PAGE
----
Brass 101: Uses and Advantages of Cartridge Brass

Brass, the alloy of copper and zinc, has many forms, depending on chemical properties and appearance. One of these is cartridge brass, otherwise known as 260 brass or 70/30 brass. With a distinct shiny, yellow color, cartridge brass is also sometimes referred to as yellow brass.

Musical instruments are the most common products made of cartridge brass. The material’s tonal quality and distinct appearance make the instruments pleasant to the ears and eyes. Brass sheet metals are also malleable and lightweight, which makes it both easily formed into the classic twisting parts of French horns, saxophones, and other wind instruments and easily carried during performances.

Aside from musical instruments, yellow brass is also wielded into a variety of home decors and implements. Due to the material’s workability, sculptors can conveniently and creatively form artwork, such as sculptures, trophies, and plaques. The preference for metallic accents in the home has also made brass plumbing fixtures a viable commodity. Not only does it give a rich feel to the home’s interior, but it is also resilient against the high temperatures encountered by heated plumbing wares.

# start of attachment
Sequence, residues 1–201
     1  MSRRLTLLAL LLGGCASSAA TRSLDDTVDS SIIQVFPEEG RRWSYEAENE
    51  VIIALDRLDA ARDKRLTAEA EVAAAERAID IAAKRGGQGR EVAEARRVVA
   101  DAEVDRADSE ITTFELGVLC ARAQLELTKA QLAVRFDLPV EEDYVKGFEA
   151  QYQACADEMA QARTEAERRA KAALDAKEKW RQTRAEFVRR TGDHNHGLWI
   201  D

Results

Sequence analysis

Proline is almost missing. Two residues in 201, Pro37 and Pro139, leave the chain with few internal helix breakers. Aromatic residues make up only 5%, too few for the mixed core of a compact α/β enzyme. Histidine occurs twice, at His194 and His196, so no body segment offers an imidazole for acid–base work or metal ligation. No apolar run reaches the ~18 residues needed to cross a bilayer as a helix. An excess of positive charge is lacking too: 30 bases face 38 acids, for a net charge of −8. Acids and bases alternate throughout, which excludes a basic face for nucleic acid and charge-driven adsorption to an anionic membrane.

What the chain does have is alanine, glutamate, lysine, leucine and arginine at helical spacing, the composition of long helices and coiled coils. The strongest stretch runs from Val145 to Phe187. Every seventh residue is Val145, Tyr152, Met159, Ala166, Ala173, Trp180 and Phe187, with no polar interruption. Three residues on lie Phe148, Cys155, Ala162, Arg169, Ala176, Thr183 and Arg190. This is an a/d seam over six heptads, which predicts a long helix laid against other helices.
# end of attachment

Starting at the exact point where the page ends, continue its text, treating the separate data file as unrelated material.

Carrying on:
260 brass is also a good electrical conductor, which is why it is used for plugs and lamp fittings. Brass locks, radiator tanks, and cartridge casings maximize the metal’s durability. Its versatility extends to resisting corrosion and surviving fires– both sought-after qualities for any product.


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